Microsoft + Nokia = ?
With Microsoft's announcement Kiwi time yesterday that it's inked to nab Nokia's devices and services business early next year, here's what we do know. The software giant wants to get bigger market share and profits in mobile off the back of Nokia's Lumia brand.
It's not just getting the existing devices, it's getting the capability to develop new ones with the addition of Nokia's design team and production facilities. 32,000 staff will be tranferring to Microsoft, according to its website. So what's Nokia getting?
The option of 1.5 billion Euros in financing from Microsoft and investment in a datacentre to support customers in Finland - and perhaps a big boost to its share price. Nokia will now focus on it network and infrastructure business, its HERE mapping technology and development and licensing unit Advanced Technologies.
But here's what we don't know. Will this be a successful hardware play for Microsoft? Will, as some commentators predict, Nokia CEO Stephen Elop take over from outgoing Microsoft boss Steve Ballmer? And will the newlyweds, that have been in a relationship since 2011, be worthy challengers to Apple and Google in the smartphone arena?
A bunch of new timepiece-plus tech is tipped to come to wrists in the not too distant future - in fact two contestants are set to step into the arena this week.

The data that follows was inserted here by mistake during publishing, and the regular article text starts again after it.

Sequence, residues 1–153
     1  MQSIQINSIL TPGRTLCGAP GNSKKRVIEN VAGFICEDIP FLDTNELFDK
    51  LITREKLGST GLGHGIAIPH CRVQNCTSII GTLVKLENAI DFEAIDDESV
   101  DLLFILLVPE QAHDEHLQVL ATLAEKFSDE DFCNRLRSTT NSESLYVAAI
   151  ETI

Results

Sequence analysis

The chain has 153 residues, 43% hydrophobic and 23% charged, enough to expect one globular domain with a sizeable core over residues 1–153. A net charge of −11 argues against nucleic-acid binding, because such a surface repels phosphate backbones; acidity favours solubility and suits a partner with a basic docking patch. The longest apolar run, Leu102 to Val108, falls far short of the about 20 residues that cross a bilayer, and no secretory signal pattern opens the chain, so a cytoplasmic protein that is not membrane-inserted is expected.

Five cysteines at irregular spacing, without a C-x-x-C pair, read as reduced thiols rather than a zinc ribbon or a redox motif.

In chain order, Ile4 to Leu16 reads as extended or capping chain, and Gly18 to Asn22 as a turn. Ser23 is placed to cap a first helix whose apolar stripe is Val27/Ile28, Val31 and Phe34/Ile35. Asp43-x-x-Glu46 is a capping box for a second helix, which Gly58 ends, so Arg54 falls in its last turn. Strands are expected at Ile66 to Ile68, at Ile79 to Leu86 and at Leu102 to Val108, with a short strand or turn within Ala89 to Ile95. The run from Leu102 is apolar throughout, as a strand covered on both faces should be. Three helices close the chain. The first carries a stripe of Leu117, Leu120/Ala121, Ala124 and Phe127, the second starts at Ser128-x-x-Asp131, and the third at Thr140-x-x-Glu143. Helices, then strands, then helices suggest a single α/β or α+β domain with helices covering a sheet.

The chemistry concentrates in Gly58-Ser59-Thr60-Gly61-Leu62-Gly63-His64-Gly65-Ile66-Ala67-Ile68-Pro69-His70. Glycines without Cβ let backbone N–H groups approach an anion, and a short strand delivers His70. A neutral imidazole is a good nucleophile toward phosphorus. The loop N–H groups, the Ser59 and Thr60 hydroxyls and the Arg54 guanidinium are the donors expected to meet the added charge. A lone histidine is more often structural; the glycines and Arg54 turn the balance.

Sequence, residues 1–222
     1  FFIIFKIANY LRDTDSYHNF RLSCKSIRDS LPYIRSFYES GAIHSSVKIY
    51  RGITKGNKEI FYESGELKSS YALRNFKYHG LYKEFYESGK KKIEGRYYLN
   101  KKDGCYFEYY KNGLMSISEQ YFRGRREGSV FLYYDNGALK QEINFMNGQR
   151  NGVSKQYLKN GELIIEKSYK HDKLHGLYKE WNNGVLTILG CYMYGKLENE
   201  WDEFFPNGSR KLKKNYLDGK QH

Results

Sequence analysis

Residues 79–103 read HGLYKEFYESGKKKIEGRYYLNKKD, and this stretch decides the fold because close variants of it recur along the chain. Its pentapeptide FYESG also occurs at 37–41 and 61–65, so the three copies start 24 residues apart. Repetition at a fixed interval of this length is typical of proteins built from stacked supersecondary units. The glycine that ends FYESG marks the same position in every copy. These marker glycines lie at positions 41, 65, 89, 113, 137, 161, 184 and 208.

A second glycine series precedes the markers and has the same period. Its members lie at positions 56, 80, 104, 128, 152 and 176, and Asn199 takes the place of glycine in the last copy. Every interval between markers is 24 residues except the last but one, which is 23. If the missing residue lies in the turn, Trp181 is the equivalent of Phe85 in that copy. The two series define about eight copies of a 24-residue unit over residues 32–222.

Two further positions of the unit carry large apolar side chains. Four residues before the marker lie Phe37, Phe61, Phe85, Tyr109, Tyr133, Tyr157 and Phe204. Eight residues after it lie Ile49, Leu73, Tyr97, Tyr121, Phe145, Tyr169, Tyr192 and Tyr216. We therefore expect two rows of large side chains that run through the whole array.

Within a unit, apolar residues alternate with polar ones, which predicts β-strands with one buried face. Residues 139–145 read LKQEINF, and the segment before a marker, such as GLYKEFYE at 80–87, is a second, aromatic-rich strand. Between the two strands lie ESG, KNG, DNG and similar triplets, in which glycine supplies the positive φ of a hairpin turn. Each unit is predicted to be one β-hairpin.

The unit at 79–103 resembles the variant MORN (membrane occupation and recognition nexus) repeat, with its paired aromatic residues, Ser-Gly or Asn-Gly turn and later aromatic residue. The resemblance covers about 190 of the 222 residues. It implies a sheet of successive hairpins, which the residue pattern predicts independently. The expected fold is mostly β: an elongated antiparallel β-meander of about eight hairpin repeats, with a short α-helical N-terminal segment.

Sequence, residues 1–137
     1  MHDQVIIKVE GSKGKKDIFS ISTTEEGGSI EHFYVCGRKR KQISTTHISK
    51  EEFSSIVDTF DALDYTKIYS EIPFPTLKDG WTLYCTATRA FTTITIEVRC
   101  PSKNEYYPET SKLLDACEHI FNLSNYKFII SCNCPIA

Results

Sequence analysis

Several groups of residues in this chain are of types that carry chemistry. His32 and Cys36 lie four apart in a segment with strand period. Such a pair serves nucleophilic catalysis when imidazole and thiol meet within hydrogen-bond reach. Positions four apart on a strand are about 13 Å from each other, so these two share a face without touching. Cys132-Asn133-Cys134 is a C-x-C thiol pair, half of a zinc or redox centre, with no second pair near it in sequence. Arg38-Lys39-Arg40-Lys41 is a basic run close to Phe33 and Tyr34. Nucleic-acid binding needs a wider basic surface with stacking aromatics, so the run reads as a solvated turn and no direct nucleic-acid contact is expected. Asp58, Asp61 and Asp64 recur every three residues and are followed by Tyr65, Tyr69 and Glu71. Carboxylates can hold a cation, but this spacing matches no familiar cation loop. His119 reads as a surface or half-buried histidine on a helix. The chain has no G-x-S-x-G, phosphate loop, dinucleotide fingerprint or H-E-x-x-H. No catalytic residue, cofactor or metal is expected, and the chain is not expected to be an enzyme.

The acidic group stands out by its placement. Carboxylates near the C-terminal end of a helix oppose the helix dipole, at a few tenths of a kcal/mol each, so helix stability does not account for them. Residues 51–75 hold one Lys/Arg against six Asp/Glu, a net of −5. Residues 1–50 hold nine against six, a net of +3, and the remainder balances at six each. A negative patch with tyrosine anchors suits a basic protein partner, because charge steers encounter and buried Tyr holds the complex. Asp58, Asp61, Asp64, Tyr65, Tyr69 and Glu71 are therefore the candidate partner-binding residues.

Sony is said to be releasing its near field communication-powered Smartwatch 2 for Android on September 9; and Samsung is poised to unleash the Galaxy Gear about now. Omate's Kickstarter campaign to find a hundred grand for its TrueSmart watch was well oversubscribed ahead of the scheduled close on September 20 (the company says it's the only one that cuts the smartphone apron strings), and in typical Apple product release fashion, rumours are flying about the iWatch. Most say it will be out next year. And we now know Google acquired smartwatch maker WIMM One last year.
Wearable tech is the hottest thing since, well, tech you can't wear. The Pebble and a few others have already made it to the smartwatch market. These things look cool, they can do stuff your smartphone can do and more besides. But there's a spy movie novelty that with this many choices could wear off.
No laughing matter
Do you love Comic Sans? Neither do we. But typographic engineer Vincent Connare has leapt to the defence of his much maligned font on HuffPo. Turns out he was trying to save us from Times New Roman. Debating for the negative team are graphic designers Dave and Holly Combs, who fell in love over their combined hatred of the typeface and formed the Ban Comic Sans campaign.
Video: Herald Sun
The thin blue line
You'll have seen those blue lines between tweets: Twitter's conversation tracker is its attempt to make conversations easier to follow. Not everyone's been in favour of this new feature, judging by this small sample of the backlash.
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